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Embassy to Tamerlane, 1403-1406 (Paperback)
  • Embassy to Tamerlane, 1403-1406 (Paperback)
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Embassy to Tamerlane, 1403-1406 (Paperback)

(author), (translator), (author of introduction)
£19.95
Paperback 416 Pages / Published: 30/05/2009
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In the year 1400 the princes of Europe sympathetically were much bestirred, fearing the imminent fall of Constantinople and the extinction of the Eastern Empire. The Ottoman Sultan Bazayid (otherwise Bajazet) was already in possession of almost the whole of what subsequently became Turkey in Europe. The Emperor Manuel still was lord of Constantinople, but beyond the city walls possessed a mere strip of territory along the north coast of the Sea of Marmora, and extending to the Black Sea, a strip some fifty miles in length but under thirty in breadth. Four years before (September 1396) an immense composite crusading army under the leadership of the Count of Nevers (a cousin of king Charles VI of France) had marched against the Turks to the support of king Sigismund of Hungary. But the Christians had been completely routed by Sultan Bayazid at Nicopolis on the lower Danube, an immense number of them had been killed, a lesser number made prisoners (who later had to be ransomed at heavy cost), and Europe in terror, the Emperor Manuel now shut up in Constantinople, all were waiting to learn what the Sultan next would do.From their capital established at Brusa the Turkish Sultans, past and present, had fomented many conspiracies at the Imperial Court. The father of Manuel had been the Emperor John Palaologus (1341a'1391) and Manuel's elder brother Andronicus had at an early age been proclaimed Emperor elect.1 In the days of Bayazid's father Sultan Murad (1360 to 1389) his eldest son Savaji had made a conspiracy with Andronicus whereby these two young princes had purposed to dethrone their respective fathers. The conspiracy miscarried, Savaji was put to death which brought his younger brother Bayazid later to be Sultan, and Andronicus (in company with his young son John) was shut up in the Constantinople State prison, the celebrated Tower of the Anemas. As a result Manuel his younger brother then became heira'apparent and coa'Emperor. But in Constantinople after two years the tables were turned by a palace plot. The Emperor John Palaologus and Manuel found themselves in the Anemas Tower, while Andronicus (with John the younger) assumed the purple.Kaleidoscopic changes again ensued; the old Emperor and Manuel after two years' detention managed to make their escape from durance and regained power: Andronicus was outlawed and banished. Later, however, with John the younger, he was established in the government of Selymbria, a city on the Sea of Marmora, a few miles west of Constantinople, and the peace lasted some years.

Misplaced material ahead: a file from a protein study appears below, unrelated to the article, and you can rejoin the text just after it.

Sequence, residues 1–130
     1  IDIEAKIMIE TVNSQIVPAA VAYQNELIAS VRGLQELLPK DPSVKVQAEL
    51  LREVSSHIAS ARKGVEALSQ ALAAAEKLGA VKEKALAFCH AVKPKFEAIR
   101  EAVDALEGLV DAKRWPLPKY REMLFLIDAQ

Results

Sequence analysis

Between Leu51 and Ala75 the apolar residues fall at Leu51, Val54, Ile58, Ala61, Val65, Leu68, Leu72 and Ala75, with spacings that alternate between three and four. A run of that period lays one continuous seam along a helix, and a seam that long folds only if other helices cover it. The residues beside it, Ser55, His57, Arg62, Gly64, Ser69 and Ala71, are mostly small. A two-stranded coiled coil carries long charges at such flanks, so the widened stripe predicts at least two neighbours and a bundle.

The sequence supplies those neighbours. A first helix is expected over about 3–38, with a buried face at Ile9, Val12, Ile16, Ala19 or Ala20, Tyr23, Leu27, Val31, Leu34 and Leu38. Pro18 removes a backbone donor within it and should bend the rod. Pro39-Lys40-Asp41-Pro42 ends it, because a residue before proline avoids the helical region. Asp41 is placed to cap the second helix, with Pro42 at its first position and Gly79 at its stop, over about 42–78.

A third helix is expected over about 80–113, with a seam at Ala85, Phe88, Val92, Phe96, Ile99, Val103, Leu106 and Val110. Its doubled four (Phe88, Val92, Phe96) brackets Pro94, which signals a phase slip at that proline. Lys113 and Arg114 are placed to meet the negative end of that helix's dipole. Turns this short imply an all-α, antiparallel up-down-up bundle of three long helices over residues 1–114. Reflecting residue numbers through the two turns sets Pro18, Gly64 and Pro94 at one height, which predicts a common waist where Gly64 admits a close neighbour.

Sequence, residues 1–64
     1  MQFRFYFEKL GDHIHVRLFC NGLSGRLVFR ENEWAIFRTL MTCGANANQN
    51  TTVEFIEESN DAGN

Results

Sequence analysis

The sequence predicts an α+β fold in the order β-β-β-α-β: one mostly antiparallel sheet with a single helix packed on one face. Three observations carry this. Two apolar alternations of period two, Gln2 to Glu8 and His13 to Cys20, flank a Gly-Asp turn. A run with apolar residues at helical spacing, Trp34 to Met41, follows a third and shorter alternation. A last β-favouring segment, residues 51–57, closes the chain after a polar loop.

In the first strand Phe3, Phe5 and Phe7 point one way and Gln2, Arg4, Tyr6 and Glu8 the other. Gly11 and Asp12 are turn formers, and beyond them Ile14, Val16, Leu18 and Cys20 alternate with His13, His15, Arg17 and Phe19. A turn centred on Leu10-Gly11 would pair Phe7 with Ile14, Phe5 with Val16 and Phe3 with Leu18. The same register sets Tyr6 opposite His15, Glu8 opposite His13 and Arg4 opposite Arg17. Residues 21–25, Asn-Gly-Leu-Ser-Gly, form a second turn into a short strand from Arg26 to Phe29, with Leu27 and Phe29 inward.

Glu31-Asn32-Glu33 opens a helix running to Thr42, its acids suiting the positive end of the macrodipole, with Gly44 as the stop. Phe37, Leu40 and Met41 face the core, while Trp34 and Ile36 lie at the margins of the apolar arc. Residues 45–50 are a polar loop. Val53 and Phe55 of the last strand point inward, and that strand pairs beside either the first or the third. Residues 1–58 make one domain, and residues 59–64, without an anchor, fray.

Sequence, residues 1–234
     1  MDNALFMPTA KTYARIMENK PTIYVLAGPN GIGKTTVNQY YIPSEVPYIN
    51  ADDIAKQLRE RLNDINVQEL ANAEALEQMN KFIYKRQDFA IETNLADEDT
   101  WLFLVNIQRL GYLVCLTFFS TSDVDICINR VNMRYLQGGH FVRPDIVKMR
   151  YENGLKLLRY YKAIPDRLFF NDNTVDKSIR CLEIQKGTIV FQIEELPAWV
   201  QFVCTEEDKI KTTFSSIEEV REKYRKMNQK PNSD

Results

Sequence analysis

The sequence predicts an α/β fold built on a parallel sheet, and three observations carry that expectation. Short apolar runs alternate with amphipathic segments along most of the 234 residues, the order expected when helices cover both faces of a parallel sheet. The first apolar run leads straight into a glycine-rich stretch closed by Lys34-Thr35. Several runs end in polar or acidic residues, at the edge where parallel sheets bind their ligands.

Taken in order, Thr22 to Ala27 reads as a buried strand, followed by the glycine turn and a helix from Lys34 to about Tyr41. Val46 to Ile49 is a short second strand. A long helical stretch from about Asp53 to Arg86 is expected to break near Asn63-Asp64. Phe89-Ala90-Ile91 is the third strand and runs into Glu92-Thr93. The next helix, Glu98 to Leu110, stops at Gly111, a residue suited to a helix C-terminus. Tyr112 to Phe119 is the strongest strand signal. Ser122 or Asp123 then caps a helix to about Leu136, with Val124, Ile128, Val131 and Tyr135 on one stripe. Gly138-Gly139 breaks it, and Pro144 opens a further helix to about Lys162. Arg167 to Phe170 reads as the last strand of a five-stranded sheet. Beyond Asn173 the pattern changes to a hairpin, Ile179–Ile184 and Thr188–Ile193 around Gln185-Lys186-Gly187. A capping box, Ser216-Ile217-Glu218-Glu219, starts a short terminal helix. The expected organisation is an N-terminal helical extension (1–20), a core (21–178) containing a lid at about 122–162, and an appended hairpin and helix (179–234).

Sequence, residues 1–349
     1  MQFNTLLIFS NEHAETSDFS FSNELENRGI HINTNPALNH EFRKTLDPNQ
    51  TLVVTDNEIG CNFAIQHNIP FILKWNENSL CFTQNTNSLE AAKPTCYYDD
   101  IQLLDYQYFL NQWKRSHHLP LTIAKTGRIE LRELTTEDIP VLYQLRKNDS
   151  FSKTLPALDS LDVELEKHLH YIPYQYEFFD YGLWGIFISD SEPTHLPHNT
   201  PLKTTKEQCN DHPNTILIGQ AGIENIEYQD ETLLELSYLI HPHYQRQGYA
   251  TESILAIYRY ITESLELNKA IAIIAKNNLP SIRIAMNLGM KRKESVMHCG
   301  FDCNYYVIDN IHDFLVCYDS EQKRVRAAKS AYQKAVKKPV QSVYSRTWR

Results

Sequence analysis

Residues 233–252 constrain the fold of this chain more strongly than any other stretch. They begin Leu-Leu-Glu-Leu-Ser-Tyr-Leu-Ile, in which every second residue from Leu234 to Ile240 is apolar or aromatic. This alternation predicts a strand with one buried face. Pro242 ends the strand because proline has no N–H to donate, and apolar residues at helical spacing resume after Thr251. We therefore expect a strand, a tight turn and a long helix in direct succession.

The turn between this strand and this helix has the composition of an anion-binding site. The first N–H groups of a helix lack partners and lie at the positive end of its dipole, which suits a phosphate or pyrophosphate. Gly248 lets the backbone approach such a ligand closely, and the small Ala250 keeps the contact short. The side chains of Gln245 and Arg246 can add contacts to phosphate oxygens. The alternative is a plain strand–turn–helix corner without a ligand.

Publisher: Zeticula Ltd
ISBN: 9781843821984
Number of pages: 416
Weight: 608 g
Dimensions: 229 x 152 x 23 mm

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